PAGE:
By BHARATHA MALLAWARACHI
COLOMBO, Sri Lanka (AP) — Veteran politician Ranil Wickremesinghe was sworn in as Sri Lanka’s new president on July 21 to take charge of a nation bitterly angry that he will remain in power amid an unprecedented economic crisis.
Sri Lankans have taken to the streets for months to demand their top leaders step down to take responsibility for economic chaos that has left the nation’s 22 million people struggling with shortages of essentials, including medicine, fuel and food. While the protesters have focused on the Rajapaksa political dynasty, Wickremesinghe has also drawn their ire as a perceived Rajapaksa surrogate.
The six-time prime minister easily won the secret ballot of lawmakers to finish the term of former President Gotabaya Rajapaksa, who fled the country after protesters stormed his residence and resigned.
His appointment received mixed reactions, with some supporters lighting firecrackers while protesters continued to demand that he resign.
Wickremesinghe, 73, has wide experience in diplomatic and international affairs and has been overseeing bailout talks with the International Monetary Fund. He won the support of 134 lawmakers in the 225-member Parliament.
They apparently considered him the safer hands to lead the nation through the crisis, despite public anger at Wickremesinghe as an example of the nation’s problematic political establishment. During demonstrations, crowds set his personal residence on fire and occupied his office.
After the July 20 vote, Wickremesinghe called for politicians to work together and pleaded for the country to move on. But protesters flocked to the presidential office instead, chanting, “Ranil, go home!”
Protest leaders told reporters that they don’t accept Wickremesinghe’s appointment and urged him to step down immediately.
Parliament’s selection goes against the “will of the people,” said Jeewantha Peiris, a protest leader and Catholic priest, adding that demonstrations against Wickremesinghe would continue.
“We are the people who sent Gotabaya home, and it’s not a difficult task for us to send you (Wickremesinghe) home,” said Tampitiye Sugathananda, a Buddhist monk and protest leader who was outside the presidential office.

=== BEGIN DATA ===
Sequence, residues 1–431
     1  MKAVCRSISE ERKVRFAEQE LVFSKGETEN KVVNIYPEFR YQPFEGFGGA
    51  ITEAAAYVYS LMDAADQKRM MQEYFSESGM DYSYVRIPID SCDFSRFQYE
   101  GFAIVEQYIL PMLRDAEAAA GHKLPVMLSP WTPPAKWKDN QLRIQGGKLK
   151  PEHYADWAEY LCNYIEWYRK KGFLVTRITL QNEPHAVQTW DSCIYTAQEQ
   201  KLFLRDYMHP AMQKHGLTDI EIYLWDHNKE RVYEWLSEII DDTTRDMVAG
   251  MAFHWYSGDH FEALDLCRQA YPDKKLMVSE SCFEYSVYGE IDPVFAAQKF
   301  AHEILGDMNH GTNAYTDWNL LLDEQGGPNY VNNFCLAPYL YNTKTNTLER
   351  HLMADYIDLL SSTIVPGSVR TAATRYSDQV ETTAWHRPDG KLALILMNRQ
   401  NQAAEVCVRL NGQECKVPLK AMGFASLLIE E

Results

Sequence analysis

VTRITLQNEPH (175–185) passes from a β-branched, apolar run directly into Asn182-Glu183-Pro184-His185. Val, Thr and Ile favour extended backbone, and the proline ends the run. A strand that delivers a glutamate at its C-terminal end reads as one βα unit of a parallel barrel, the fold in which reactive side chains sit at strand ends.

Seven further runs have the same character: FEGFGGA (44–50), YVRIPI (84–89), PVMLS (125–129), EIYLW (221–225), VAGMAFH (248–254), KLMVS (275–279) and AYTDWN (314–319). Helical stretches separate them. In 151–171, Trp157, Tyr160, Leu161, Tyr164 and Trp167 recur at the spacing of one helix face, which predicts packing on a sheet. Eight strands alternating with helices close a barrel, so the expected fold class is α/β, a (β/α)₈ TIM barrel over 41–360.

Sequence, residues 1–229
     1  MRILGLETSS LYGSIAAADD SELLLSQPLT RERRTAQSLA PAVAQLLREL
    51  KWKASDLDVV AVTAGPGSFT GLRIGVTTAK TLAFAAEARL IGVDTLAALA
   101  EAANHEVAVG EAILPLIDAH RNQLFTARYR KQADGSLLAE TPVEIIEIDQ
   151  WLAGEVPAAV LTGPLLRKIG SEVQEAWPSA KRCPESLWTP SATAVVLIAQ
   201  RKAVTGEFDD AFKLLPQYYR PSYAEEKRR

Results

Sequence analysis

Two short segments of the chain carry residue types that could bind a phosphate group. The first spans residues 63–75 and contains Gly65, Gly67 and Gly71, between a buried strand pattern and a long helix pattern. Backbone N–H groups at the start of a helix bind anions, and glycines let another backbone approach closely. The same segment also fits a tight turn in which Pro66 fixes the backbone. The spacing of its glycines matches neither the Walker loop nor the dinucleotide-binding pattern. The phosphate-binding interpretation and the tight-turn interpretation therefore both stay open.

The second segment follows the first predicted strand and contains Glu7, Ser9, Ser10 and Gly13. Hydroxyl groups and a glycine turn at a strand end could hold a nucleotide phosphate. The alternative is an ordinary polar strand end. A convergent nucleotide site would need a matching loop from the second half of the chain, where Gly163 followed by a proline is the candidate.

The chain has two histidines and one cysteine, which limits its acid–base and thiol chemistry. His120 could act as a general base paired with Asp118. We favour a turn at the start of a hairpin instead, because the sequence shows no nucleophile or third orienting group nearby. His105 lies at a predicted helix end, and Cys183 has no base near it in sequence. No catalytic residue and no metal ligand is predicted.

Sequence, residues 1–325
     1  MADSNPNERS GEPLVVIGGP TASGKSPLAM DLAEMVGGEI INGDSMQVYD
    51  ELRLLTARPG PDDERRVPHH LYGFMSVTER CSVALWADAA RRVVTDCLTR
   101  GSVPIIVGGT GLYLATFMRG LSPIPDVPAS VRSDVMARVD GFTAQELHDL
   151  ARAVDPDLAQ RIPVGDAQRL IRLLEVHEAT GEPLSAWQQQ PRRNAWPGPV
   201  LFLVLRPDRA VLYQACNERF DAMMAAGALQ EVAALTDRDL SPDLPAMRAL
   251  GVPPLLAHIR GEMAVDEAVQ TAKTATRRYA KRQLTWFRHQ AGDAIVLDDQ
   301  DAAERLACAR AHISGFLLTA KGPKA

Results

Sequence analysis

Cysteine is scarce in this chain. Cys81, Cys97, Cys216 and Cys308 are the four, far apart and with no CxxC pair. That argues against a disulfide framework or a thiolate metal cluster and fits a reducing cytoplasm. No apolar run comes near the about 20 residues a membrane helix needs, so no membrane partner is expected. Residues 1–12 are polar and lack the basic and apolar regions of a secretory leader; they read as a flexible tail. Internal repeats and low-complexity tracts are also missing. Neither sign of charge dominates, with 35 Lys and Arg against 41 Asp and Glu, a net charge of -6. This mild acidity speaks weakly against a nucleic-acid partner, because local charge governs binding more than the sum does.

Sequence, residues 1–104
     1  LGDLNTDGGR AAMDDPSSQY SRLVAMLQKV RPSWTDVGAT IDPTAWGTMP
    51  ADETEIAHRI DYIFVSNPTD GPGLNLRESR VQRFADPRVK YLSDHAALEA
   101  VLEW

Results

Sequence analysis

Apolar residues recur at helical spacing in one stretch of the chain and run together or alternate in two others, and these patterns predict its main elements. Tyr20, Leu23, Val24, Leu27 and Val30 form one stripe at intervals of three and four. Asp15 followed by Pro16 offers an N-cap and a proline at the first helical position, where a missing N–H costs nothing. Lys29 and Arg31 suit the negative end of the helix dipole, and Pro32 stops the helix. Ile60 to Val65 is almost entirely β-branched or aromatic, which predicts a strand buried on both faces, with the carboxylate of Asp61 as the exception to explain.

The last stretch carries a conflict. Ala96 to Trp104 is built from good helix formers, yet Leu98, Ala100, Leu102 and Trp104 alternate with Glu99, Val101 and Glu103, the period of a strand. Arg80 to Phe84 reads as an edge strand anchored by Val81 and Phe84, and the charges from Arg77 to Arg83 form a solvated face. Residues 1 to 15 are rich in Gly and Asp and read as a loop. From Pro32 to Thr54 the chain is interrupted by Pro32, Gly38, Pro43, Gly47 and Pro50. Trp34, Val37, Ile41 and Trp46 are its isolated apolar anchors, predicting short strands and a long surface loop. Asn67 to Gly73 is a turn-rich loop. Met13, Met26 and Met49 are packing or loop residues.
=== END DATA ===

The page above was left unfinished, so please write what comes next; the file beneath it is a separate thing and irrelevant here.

A week before the vote, police and Sri Lankan soldiers dismantled structures near the protest site where demonstrators have gathered for the past 104 days. They arrested several protesters, and security forces were witnessed beating up at least two journalists.
A large number of army and police personnel arrived in trucks and buses around midnight, removing tents and protest banners and making arrest. They blocked off roads leading to the site and carried long poles. Protesters said on social media that they were beaten up, but those alleged incidents couldn’t be verified.
On July 18, in his role as acting president, Wickremesinghe declared a state of emergency that gave him broad authority to act in the interest of public security and order. Authorities can carry out searches and detain people under the emergency, and Wickremesinghe can change or suspend any law. Parliament can regularly review the state of emergency, and it will expire without its approval.
In an example of the troubles caused by Sri Lanka’s economic crisis, a power outage hampered live television coverage of the ceremony in Parliament where Wickremesinghe took his oath as the country’s eighth executive president. He now can choose a new prime minister.
In some areas, Wickremesinghe’s supporters lit firecrackers and distributed sweets to celebrate his appointment as president, local media reported.
The U.S. ambassador to Sri Lanka, Julie Chung, wrote on Twitter that she looks forward to working with Wickremesinghe. She added: “In these challenging times, it will be essential for all parties to redouble efforts to work together to tackle the economic crisis, uphold democracy & accountability, and build a stable & secure future for all Sri Lankans.”
Wickremesinghe said that the negotiations with the IMF were near a conclusion and talks on help from other countries had also progressed. He also said the government has taken steps to resolve shortages of fuel and cooking gas.
IMF Managing Director Kristalina Georgieva told financial magazine Nikkei Asia that the organization hoped to complete the rescue talks “as quickly as possible.”
Presidents in Sri Lanka are normally elected by the public. The responsibility falls to Parliament only if the presidency becomes vacant before the term officially ends. It has happened once before, in 1993, when then-Prime Minister Dingiri Banda Wijetunga was chosen by Parliament uncontested after former President Ranasinghe Premadasa, father of the current opposition leader, was assassinated.